I’ve gone 90 miles in 6 days leaving from Pamplona. I shocked my body by climbing over Alto de Perdon (a historic high pass) the first day and if that wasn’t hard enough Mother Nature decided to throw hail down upon us and kick up the wind as we climbed. Gail force winds joined me the next day but luckily they were at my back most of the day pushing me along. I walked through fields and fields of green wheat grass that would blow as if it were a giant wave in the ocean – a mesmerizing sight. The following days provided a little sunshine and then a lot of rain. I realized the challenges of walking the Camino trail in running shoes as opposed to my hiking boots as the water soaked through. But – you make the best of what you have and keep going – with plastic bags on my feet! The rain left rivers of mud as an obstacle for the next day. The mud was caked on my shoes and I slipped along slowly trying not to lose a shoe. After two 20 mile days in a row in tough weather and trail conditions, my body was screaming for a rest in Santa Domingo and I happily obliged.
It feels as if my physical body and mind are no longer working together, instead they are struggling against each other in a battle of the wills. It’s as if they’ve gone through a messy breakup and are trying to sabotage each other in a myriad of ways.
My body just aches. I walk gingerly and often find odd noises coming out of my mouth as I try to move through the aches and pains. It’s worse than when I used to run marathons as there’s no end in sight. My heels are screaming for me to stop – they have formed two big blisters on them in an attempt to try to convince my mind to stop. My mind isn’t listening though – it just keeps putting Band-Aids on the blisters and keeps going. I’ve actually developed a number of blisters and have to sit and try to treat them in the lovely process of popping, draining, and disinfecting them – a nightly ritual. If you want to actually see the blisters you can view them on my Facebook page – I’ve named them Jack and Jill.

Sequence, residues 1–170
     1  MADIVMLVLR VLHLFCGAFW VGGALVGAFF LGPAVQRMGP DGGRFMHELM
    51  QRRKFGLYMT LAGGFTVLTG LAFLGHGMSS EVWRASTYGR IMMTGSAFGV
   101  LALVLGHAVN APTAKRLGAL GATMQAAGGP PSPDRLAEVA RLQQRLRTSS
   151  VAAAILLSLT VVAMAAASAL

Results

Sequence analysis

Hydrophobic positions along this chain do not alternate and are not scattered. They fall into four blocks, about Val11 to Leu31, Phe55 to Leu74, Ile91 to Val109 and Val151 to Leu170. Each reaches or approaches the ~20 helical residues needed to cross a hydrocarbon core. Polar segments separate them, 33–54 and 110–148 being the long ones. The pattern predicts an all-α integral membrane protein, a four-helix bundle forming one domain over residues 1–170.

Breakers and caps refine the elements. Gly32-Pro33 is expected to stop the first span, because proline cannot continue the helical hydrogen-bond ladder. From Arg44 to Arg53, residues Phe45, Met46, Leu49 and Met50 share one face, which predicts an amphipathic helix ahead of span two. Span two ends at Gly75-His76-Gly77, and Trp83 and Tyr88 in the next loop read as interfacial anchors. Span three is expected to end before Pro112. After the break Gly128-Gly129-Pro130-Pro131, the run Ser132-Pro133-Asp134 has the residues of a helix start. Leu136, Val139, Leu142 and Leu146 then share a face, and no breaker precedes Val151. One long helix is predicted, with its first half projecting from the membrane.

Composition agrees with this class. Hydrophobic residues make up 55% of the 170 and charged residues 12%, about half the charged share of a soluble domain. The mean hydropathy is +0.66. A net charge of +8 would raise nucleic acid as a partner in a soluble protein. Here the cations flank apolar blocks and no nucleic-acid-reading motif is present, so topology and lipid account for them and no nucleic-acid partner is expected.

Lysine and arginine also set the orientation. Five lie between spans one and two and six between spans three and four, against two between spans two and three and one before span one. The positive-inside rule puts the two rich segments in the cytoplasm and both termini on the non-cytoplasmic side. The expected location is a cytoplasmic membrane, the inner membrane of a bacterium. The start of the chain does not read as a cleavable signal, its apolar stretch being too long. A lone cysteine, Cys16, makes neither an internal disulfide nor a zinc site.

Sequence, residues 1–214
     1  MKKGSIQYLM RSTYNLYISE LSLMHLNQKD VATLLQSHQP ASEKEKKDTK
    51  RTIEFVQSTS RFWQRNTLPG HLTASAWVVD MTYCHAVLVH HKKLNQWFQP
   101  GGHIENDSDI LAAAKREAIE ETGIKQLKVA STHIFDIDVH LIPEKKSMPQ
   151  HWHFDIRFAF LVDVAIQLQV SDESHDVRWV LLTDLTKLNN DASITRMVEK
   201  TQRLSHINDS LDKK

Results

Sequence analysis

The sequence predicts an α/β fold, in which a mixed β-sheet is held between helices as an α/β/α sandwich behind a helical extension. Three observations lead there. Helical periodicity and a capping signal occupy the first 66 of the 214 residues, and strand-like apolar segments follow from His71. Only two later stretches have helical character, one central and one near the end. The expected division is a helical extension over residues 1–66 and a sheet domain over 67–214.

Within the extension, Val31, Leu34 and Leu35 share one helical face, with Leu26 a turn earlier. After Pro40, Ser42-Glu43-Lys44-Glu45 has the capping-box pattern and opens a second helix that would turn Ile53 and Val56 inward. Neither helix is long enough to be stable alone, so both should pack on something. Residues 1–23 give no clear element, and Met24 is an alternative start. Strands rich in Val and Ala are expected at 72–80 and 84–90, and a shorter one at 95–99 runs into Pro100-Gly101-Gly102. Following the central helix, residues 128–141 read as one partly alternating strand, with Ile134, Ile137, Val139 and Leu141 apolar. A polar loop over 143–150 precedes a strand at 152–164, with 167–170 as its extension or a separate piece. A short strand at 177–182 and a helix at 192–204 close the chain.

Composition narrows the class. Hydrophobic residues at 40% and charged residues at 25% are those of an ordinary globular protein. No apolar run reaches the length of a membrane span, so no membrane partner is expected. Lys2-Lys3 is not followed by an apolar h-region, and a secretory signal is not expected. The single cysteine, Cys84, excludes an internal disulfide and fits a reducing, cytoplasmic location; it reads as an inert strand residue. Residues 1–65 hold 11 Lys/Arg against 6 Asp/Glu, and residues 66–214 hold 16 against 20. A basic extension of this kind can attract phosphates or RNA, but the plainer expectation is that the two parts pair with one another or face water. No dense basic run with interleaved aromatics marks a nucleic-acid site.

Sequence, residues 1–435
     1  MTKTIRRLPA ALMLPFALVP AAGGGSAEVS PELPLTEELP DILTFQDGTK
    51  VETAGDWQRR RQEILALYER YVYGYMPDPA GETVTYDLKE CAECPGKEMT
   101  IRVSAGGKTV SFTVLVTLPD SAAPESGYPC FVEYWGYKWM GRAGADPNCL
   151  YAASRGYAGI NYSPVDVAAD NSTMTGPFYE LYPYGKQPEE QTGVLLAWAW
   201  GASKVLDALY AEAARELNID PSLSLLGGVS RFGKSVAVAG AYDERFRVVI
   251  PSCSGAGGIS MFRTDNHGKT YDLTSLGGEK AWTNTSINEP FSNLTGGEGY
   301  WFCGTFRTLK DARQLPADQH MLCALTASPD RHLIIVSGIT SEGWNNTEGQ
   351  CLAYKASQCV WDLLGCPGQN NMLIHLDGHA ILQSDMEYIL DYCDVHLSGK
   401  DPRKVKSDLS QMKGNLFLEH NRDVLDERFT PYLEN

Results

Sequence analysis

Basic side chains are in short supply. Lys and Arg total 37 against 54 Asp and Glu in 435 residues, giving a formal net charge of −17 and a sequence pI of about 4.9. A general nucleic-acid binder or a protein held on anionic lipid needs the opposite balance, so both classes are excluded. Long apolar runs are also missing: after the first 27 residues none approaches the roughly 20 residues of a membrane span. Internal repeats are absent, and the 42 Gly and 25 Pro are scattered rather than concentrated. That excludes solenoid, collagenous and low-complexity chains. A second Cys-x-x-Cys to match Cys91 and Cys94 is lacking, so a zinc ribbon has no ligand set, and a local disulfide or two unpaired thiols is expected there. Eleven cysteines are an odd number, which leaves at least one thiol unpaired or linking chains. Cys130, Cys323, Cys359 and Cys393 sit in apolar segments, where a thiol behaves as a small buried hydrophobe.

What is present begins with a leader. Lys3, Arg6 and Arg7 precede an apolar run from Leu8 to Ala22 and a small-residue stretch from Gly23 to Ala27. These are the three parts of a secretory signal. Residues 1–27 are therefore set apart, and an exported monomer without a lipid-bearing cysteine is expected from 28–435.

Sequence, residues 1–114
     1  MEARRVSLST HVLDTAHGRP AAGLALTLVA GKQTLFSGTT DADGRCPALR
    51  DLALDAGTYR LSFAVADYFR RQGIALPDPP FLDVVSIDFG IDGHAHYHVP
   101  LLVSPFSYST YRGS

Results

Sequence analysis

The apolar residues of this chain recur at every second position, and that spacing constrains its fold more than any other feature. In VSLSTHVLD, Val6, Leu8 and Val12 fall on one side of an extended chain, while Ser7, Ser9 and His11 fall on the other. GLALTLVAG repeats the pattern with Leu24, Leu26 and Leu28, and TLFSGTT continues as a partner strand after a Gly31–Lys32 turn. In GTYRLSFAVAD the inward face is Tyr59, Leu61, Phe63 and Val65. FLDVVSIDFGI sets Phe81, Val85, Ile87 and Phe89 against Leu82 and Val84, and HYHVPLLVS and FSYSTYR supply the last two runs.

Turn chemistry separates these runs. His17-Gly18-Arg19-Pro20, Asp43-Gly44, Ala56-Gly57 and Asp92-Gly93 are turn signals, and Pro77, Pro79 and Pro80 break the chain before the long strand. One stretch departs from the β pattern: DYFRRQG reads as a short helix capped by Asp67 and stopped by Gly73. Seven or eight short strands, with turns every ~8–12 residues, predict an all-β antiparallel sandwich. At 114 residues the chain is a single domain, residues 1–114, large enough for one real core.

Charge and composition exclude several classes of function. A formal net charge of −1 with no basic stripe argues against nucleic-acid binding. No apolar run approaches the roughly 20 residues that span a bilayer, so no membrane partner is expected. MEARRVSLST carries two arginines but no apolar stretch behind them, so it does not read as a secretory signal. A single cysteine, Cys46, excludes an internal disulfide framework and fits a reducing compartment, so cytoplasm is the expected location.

Beyond the blisters my heels are just absolutely sore. My knee was screaming in pain for the first couple of days, but with better stretching of my calf and hamstring it has seemed to fall into line for a little while. I’m sure I will hear from it again though. On day 3 my shoulders and back decided to make itself known to me and started screaming at the weight I was carrying. I tried to tell them that it could be worse if it wasn’t for JacoTrans transporting my other bag and then I satiated their hurt feelings with Tiger Balm. Yes, I’m back to using Tiger Balm and you can smell me coming down the trail. As a final blow, in the evenings my rash on my legs flares up caused from the constant friction burn from my walking pants – joy. I think my most visited shop is the pharmacy.